Piotr Stolarski's blog

Whites vs. Reds: The Back of Beyond

Rob brought down his 28mm Back of Beyond armies to the community centre on Friday 8 October. We played a Russian Civil War clash between the Bolsheviks (Reds) and the counter-revolutionary White Russians, with Rob umpiring using his own set of rules.

Both Bolsheviks and the newly-painted White miniatures looked great; the different coloured uniforms and flags of the latter looking fantastic on the table.

I was on the White side together with Doug, Mal, and Patrick. Phil, Theo and Jonathan were on the Red team. Using fewer figures than last time, we each controlled a brigade, and no cavalry was used. The scenario required the Whites to take two villages garrisoned by the Reds, in a bid to seize supplies. The Reds had slightly more troops, with terrain in their favour, but the White forces were of superior quality.

While the Whites failed to seize the villages, my right wing managed to clear the majority of Theo’s units from the table, including some from his village, despite sustaining heavy casualties from Theo's armoured car and infantry, Phil’s artillery, as well as a successful air attack by the Reds. Elsewhere on the table, Mal destroyed much of Jonathan’s brigade, whereas Doug faced stiffer opposition in the form of Bolshevik naval infantry defending a wood. Patrick's White tank and armoured car were reasonably effective on the White right flank, but might have been more decisive in the centre against Phil's artillery.

With Rob’s assistance we managed to assimilate more of the rules on this occasion, and we swapped ideas for possible alterations, though most seemed satisfied with them as they stand. Rob may apply further tweaks at his discretion, as well as produce playsheets with the essential core rules for ease of reference.

All in all a fun game with fine figures and much period flavour. Rob is putting together army lists for the period, while I will be assembling information on commanders, a chronology, list of battles, and maps, for a possible joint sourcebook project. The Back of Beyond is indeed bewildering and beguiling in equal measure, with something for all tastes.

Arab-Israeli War (1967)

Doug deployed his very nicely painted 1:300th scale Egyptian and Israeli models again last night, while umpiring a second Arab-Israeli clash at the community centre using Modern Spearhead rules. Simon and I were Israelis, with Mal and Patrick on the Egyptian side.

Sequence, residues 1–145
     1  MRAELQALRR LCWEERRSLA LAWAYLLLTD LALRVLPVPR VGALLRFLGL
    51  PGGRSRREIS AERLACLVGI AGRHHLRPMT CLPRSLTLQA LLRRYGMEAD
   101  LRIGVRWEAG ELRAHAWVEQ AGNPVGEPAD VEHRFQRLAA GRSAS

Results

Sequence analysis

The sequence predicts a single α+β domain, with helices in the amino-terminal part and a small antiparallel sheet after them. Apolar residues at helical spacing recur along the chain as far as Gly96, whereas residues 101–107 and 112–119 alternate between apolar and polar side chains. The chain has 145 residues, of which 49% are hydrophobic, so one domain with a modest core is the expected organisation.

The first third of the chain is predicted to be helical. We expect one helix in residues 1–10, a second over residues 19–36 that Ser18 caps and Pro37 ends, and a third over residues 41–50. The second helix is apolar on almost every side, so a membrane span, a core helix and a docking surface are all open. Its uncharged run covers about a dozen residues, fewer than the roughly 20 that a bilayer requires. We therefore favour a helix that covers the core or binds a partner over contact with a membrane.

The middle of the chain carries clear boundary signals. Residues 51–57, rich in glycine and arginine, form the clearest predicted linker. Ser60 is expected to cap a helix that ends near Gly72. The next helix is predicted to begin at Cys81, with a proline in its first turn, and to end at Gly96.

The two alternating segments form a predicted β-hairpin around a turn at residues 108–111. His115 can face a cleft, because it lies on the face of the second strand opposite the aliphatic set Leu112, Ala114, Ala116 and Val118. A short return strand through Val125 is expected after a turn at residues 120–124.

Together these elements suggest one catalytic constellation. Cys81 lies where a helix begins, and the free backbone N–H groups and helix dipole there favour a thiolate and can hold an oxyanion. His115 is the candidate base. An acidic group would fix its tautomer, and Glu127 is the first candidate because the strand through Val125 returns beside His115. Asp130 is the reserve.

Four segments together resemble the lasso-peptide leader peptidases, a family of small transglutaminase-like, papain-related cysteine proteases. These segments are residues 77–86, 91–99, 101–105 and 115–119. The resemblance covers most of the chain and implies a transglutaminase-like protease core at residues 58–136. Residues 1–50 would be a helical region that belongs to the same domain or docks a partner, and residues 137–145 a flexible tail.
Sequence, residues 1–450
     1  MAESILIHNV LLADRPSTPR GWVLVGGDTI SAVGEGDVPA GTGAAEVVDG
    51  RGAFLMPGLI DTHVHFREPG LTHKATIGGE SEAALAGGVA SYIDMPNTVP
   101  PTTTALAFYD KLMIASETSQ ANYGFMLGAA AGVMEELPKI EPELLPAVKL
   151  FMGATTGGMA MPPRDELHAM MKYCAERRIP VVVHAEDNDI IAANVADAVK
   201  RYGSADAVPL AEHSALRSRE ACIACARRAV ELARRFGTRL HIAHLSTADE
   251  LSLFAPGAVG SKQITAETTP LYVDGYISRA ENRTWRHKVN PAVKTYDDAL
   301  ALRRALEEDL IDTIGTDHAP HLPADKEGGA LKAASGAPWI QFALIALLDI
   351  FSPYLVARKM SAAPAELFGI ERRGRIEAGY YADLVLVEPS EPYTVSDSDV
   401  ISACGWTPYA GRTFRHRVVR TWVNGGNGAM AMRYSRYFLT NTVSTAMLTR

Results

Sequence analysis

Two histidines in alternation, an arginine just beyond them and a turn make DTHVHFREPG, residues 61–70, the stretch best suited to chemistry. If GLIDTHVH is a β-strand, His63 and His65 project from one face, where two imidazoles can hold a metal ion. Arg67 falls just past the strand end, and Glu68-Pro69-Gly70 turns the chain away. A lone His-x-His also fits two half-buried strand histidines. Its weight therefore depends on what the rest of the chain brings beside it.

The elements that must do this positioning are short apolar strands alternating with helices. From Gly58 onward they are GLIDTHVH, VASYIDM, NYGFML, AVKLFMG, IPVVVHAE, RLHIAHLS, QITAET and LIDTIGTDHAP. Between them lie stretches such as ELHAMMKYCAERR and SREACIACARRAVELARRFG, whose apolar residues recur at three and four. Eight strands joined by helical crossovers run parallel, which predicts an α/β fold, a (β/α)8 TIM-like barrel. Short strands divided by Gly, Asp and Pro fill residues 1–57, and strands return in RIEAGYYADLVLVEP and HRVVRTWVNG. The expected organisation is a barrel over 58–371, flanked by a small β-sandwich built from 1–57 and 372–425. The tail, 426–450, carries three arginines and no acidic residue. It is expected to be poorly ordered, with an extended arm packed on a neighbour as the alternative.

Both Mal and Patrick successfully prevented their entrenchments from being overrun, and had masses of men and armour to block the Israeli advance. The Israelis had fewer men and tanks, and were disadvantaged by receiving fire first whenever they moved forwards. The outcome of the game was an Israeli defeat, as one of my (Sherman) tank brigades was destroyed, with most of my infantry decimated, while Simon did not get around to breaching the trenches.

We are still learning the rules and how best to manage our resources in such games, as target priority and different weapons systems really do make a difference to how the game is won and lost. The Israelis need to integrate the superior firepower and protection of their tanks with a steady advance and skillful handling of the more vulnerable infantry, while remaining out of Arab firing range as far as possible.

On the night we discussed the rules as compared to the war itself: was the scenario too difficult, given low Israeli casualties and much easier victory historically? Doug may be bringing aircraft at some point in the future, which could prove decisive for the Israelis who enjoyed air supremacy in the Six Day War.

Overall this was a chilled out and enjoyable night in the company of a smaller group of gamers, and a welcome contrast to noisier and less contemplative occasions.

Missouri Border War (1861)

Yesterday's club game was an attempt at an alternative to the usual ACW set-piece head-on clash of arms.

The scenario was set in the early ACW as Secessionists and Abolitionists fought it out to take the State Arsenal in the border state of Missouri, which historically saw some of the fiercest guerrilla warfare and civil strife during the war.